Enter the concept of “reality TV”, with its instant-made heroes and heroines. The types of shows where excellence is not so much a requirement as it is often an obstruction. There’s a “reality” program to hold everyone’s fancy, from ‘competitive’ reality TV shows like Survivor and Project Runway to reality shows about “lifestyles”, like Teen Mom, Supernanny or Extreme Hoarders. Reality shows on TV now also often include a level of audience interaction (e.g. Idol)[i]. Why do people watch these shows (btw, most people claim they never watch them, … yeah, right…)? Apparently, the human being’s innate need to feel superior is one of the major reasons for the success of these voyeuristic shows. People want to feel like they are better than other people (“look at them, thank god that’s not me!”)… and this is then used as the basis for TV networks to produce shows that – manipulatively so, because there’s very little ‘real’ about ‘reality’ TV – show people as they really are. Given the many suicides of people who once appeared on reality shows, it’s actually surprising that there’s no Suicide Show, I’m sure people would watch that too… to quench their immeasurable thirst for feeling superior.

realityboyWhen A.S. King returned from Ireland, that’s what she noticed about TV: for the sake of other people’s entertainment, people needed to suffer, and she came up with her own Survivor story: that of Gerald Faust. Faust… remember the guy who made a pact with the devil? The guy who wanted to have it all, worldly pleasures and unlimited knowledge but had to give his soul to get it? In Gerald’s case, it’s Gerald’s mother who turns over her soul to the devils of Network Nanny. The question, however, is: what power and what success does Gerald’s mom hope to achieve here? What sort of hero does she want to be? For Gerald it’s as clear as day: by turning him over to these outsiders, she will never be his hero.

A.S. King has proved before that she is the queen of the odd perspective (we’ve had pagodas, ants, …) but in Reality Boy, there’s only one perspective and there’s nothing frivolous about it. Instead, the point of view is an extremely claustrophobic one: we are inside Gerald’s head and only inside Gerald’s head. Gerald is very much obsessed by his own narrow world too, a world which includes a fantasy retreat, which he calls Gersday, his happy place where he doesn’t have a psycho sister and a weak-ass mother, but where he gets Snow White and ice cream instead. Until he meets Hannah, Gerald doesn’t see any way out of his world, real or fantasized. This narrow perspective has some obvious consequences (which as a reader, you have to take or leave): secondary characters are seen solely through Gerald’s (maybe) distorted lens, which results in a very black and white picture of e.g. Tasha and Gerald’s mother. This is a very ambiguous and ambitious route to take given the fact that Gerald himself doesn’t want to be seen from just one single point of view, namely that of a camera lens (or rather that of the editor’s cutting board) of a reality show of when he was only 5 or 6 years old.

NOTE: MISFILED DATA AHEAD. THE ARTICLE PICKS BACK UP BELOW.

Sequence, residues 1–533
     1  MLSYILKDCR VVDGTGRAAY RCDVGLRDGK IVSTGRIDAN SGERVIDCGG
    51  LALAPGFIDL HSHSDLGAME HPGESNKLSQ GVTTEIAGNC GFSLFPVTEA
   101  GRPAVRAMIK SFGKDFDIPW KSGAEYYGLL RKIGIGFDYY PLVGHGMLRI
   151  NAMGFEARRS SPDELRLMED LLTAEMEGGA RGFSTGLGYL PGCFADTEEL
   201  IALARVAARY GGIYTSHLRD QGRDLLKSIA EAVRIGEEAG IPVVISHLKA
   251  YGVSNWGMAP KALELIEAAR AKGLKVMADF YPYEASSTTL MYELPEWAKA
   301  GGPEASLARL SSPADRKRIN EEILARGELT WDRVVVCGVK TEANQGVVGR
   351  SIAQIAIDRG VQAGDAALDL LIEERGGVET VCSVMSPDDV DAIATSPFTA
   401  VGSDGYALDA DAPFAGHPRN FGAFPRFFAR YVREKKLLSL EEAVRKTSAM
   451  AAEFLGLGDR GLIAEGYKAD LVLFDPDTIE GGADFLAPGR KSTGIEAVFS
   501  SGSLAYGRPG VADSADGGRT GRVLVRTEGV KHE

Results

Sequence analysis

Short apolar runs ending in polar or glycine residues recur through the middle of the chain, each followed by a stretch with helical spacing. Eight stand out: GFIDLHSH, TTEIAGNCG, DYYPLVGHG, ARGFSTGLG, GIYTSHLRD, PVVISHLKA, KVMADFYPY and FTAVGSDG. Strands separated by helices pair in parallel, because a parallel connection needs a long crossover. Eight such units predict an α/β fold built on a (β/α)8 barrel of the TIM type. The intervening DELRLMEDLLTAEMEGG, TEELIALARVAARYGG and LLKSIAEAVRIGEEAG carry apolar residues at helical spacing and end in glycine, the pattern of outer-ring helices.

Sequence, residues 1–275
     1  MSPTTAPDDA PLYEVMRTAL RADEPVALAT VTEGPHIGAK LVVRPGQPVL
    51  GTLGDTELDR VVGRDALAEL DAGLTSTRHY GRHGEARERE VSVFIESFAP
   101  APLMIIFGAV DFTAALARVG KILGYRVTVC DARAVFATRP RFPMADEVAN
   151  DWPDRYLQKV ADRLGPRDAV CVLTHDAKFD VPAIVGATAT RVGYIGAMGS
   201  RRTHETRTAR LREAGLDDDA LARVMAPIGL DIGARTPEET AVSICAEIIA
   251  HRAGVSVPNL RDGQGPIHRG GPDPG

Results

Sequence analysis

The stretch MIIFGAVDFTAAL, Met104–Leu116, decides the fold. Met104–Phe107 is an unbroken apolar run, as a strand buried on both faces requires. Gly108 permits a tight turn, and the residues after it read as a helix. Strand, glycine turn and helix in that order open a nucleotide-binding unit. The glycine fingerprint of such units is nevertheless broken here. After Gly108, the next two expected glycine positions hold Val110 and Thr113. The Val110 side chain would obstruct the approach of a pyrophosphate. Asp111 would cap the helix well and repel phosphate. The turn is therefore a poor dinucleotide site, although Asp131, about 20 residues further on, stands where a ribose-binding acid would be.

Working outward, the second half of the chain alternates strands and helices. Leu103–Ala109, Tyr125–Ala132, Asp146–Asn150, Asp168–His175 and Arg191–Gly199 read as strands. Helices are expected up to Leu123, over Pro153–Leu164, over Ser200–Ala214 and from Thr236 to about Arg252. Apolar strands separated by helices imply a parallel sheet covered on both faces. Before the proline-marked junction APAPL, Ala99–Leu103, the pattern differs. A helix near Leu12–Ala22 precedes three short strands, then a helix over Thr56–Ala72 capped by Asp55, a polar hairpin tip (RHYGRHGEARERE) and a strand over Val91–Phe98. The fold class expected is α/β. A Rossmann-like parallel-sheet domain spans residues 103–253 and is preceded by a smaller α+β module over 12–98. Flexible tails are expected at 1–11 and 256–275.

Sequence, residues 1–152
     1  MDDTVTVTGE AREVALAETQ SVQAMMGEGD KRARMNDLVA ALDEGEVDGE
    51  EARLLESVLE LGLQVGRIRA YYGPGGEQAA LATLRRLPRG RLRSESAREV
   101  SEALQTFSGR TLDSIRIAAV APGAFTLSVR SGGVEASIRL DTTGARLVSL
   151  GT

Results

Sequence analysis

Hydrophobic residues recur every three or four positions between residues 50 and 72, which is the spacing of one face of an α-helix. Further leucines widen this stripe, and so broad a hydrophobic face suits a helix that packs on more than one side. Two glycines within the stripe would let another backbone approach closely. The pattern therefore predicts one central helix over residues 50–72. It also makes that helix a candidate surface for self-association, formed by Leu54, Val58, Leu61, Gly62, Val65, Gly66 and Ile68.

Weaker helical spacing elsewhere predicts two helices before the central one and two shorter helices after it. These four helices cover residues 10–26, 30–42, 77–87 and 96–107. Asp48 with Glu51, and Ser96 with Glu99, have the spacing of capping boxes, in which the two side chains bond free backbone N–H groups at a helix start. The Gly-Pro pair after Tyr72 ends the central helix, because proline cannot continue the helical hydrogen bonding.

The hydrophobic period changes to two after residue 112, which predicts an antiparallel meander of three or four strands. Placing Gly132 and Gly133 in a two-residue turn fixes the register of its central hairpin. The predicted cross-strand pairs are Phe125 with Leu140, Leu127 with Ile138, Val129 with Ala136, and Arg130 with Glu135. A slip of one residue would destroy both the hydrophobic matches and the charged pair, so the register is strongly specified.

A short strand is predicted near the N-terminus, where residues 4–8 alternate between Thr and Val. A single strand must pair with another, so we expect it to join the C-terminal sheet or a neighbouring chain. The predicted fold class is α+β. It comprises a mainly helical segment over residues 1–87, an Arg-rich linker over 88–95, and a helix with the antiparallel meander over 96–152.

There are many reasons why I loved Reality Boy as much as I did. For one, the way A.S. King describes how the walls Gerald has built around himself are slowly broken down by that one truly real and universal thing called love, without ever making this seem sappy or sentimental. Second, she never fails to include these tiny bits of strangeness that make her novels so unique (here it’s running away with the circus). There’s also King’s powerfully real language. It’s never more complicated than it should be. It’s never gratuitous. This woman can write. That’s what it comes down to: she is immensely and insanely talented as a writer.

But she’s also a keen observer of human behavior, something which makes her into an even better writer. And more than any other A.S. King book, I related to Reality Boy not as the teen I once was, but as the mother that I am right now. Yes, there was the obvious compassion with Gerald, and his almost desperate attempts at real communication, but it was more than that. Amy King sees through the bullshit and she has her protagonists go through all kinds of bullshit too, which always (ALWAYS) makes for an emotionally draining and intense reading experience. This book, for instance, absolutely reinforces my own belief that certain people should never ever be parents. Kids know more than you tell them, and Gerald is one of those kids. He knows his mother never loved him, not in the way she “loves” his oldest sister Tasha. He also knows his mother is too weak to change her life. He knows that his mother has surrendered any form of moral integrity she may have had before she let the cameras into their house. He knows that his life has always been a twisted mess of ugliness and he knows that he’s not the one who’s different or wrong or stupid or retarded or however he’s been called by people around him. And he is fucking angry because of this. And he should be angry because of this. Gerald has an inner rage that is so all-consuming that – even at age 5 – the only way he can express that anger is physically. At age 5 by crapping all over everything, at age 16 by punching people. Feeling like punching the crap out of that wall, kicking down that damn door, or throwing things out of the window? Of course, you’ve felt this too! Don’t be so damn politically correct: we have all felt like that at one point or other. And that is the way Gerald now feels all.the.time. It’s a miracle he hasn’t killed anyone (Tasha, his mother…) yet!

A.S. King does screwed up and horrifyingly realistic like no other. And even though this may sound odd, but it’s definitely a beautiful thing to read, time and again. I am fortunate enough to have a signed copy of Reality Boy and Amy asked what my demands are. Easy: I want more of this. Having no gift whatsoever as a writer myself, she’s sorta like my hero. Thanks, Amy!


[i] With newish media like YouTube, reality “shows”, are obviously no longer limited to television.